Over the years, globalisation has opened up doors for international trade, and the market is brimming with opportunities. International trade serves a crucial role in expanding your business operations but at the same time presents one with various risks associated with it. In the forex market, the exchange rate is the price of one currency in terms of another. The exchange rate changes can have adverse effects on the transaction of individuals or corporations that involve forex if not managed well. The challenges could range from different trade policies to forex exposure risks, especially in the export and import industry, which witnesses foreign currencies’ involvement, whether, for payments or financing, exchange rate fluctuation caused by various factors necessitates certain risk-mitigating strategies to be implemented. Export exchange rates or the import exchange rate are directly related to the volatility in the market driven by supply and demand, which at the core, is an amalgamated effect of various driving factors. Depending upon the government’s regulatory stance about their currency exchange rates can be free-floating, fixed or pegged. A fixed exchange rate is pegged or linked to a stable currency or asset itself, ensuring its stability and protection against the rapid fluctuations. The market forces of demand and supply determine the currency rate in floating exchange rate systems.
Exchange Rates’ impact on foreign trade
The exchange rate can directly impact foreign trade as the fluctuating value of a country's currency will automatically enforce one involved in foreign trade to pay more to compensate for the larger gap in the value of the two currencies. Foreign trade consists of a business relationship spanning countries; the exchange rate holds influencing power specifically for the import-export industry. The balance of payments gets affected due to changes in export and import prices affected by exchange rate fluctuations. A weakened currency boosts exports due to the decreased prices or export exchange rate with foreign currency moving in and domestic goods moving out of the country. On the other hand, the depreciating currency renders the imports expensive, affecting the balance of imports and exports in a country eventually.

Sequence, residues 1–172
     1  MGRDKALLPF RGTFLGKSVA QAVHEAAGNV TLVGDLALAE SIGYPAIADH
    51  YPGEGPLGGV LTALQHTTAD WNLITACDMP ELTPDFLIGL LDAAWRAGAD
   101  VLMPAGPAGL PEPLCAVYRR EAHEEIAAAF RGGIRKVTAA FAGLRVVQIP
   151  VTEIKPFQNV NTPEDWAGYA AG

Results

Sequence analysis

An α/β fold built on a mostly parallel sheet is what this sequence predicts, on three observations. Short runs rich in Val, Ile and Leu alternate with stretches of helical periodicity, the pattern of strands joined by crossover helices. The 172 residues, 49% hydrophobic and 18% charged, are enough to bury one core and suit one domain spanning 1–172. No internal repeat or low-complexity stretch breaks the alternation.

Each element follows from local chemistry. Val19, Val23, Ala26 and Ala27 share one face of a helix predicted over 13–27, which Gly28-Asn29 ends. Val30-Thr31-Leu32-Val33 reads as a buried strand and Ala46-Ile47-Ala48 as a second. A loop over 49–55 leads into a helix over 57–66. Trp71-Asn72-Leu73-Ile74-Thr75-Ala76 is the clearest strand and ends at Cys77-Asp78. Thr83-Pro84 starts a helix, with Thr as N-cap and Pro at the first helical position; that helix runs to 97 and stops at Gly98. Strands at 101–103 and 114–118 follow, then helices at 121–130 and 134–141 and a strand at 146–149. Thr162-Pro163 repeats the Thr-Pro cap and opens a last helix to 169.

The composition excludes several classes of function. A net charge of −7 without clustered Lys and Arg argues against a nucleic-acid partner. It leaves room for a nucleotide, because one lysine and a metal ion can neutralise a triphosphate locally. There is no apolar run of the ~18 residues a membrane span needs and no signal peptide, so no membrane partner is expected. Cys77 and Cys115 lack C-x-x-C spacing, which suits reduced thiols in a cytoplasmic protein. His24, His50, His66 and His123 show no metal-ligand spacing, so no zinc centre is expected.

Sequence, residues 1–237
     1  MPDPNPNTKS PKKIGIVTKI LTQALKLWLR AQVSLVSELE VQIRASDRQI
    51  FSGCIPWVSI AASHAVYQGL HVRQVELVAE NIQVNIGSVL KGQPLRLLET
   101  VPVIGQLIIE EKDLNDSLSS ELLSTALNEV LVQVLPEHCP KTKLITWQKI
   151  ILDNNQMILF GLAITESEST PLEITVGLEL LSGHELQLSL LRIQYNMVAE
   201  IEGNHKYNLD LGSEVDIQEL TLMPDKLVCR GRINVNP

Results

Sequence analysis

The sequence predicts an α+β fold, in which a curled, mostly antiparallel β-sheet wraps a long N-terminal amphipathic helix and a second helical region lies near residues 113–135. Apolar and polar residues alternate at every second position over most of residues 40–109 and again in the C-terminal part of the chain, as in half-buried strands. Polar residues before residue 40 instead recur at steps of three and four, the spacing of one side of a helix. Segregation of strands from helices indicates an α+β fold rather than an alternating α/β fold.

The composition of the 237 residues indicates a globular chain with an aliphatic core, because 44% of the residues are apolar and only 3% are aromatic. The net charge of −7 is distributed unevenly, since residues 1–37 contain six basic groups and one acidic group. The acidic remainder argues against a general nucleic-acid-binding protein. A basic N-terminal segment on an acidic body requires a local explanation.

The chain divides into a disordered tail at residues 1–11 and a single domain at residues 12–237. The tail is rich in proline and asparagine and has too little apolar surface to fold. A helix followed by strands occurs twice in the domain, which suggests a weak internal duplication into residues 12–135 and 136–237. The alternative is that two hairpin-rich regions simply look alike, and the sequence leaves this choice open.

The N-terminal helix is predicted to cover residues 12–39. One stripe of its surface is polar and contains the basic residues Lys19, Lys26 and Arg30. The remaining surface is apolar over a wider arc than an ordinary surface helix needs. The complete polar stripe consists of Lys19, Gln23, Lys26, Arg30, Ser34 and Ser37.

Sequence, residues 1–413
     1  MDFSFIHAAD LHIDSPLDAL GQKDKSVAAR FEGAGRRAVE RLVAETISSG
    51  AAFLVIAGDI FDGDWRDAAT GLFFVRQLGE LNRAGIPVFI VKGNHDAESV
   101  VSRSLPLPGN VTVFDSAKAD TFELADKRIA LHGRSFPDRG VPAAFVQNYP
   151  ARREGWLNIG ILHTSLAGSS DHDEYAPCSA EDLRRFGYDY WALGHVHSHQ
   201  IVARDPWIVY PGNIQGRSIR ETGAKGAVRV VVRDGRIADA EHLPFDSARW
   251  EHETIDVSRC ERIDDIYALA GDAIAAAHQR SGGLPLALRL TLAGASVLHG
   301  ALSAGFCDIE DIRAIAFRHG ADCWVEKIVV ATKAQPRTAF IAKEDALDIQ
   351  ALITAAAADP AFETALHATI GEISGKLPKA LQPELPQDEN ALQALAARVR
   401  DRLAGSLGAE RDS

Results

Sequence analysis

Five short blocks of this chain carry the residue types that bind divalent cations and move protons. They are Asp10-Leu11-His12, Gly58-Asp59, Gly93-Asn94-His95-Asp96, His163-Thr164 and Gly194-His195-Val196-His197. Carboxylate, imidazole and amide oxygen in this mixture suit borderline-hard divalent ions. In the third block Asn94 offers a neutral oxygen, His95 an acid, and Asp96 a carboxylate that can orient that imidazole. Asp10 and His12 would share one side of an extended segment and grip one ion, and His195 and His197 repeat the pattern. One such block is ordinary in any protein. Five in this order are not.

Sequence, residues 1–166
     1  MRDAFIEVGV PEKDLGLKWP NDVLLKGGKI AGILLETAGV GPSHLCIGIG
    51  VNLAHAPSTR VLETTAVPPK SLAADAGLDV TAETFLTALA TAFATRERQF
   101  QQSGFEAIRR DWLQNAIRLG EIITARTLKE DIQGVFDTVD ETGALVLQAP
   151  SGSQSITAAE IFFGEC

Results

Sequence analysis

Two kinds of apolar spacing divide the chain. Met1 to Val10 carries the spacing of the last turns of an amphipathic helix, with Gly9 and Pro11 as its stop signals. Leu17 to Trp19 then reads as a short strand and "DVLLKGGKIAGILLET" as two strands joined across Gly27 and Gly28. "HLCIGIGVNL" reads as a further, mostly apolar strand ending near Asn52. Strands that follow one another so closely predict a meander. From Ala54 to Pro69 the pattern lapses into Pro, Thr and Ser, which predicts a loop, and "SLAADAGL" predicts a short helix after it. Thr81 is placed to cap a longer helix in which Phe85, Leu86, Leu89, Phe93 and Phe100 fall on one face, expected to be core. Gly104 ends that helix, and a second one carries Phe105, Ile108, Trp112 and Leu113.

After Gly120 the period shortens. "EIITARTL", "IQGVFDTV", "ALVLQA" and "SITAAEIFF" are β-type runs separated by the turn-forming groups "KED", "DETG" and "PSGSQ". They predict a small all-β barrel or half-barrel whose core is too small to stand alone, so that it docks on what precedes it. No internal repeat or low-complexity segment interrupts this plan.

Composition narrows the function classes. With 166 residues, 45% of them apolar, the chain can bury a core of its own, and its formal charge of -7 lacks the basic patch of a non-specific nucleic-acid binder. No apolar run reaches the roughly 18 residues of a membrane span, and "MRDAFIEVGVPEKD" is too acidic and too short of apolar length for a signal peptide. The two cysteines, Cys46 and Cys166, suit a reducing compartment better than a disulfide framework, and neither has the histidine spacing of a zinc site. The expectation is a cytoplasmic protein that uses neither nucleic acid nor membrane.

For example, with the strengthening of the U.S dollar, the respective exports become expensive causing the consumers abroad to pay more for the same product and the businesses that have to pay in other currencies will acquire lesser profits since to compensate for the value gap ultimately weakening the exports. While it may appear from the example that the U.S business will acquire higher gains directly related to currency appreciation, the ground reality differs from what is perceived on the surface level. The increased U.S dollar prices, in this case, can present a situation wherein the American made products become costlier than the imported goods, causing a shift in consumerism.
Here is an example that elucidates the impact of exchange rates on a country's imports. Suppose a trade relationship between the US and India where electronic components priced at $10 each are exported to India, during which the current exchange rate is 50 rupees to the US dollar. The current exchange rates would dictate the amount payable by the Indian importer, the buyer, to the overseas entity situated in the US, which amounts to Rs. 500 in this case. In a situation where the dollar strengthens against the Indian rupee, it will impact imports' costs due to the weakened domestic currency. If the dollar appreciates to $1=55 INR, then the price of imports would increase to Rs. 550 ($10x55), from an initial borne cost of Rs. 500 that too in an ideal case of the exporter not increasing the electronic component's price. This results in a situation where Indian importers have to pay more to compensate for the value gap in currencies or search for cheaper alternatives from other locations. Thus, a weaker currency would cause imports to decline due to becoming more expensive, indicating the higher value of a foreign currency than the home currency.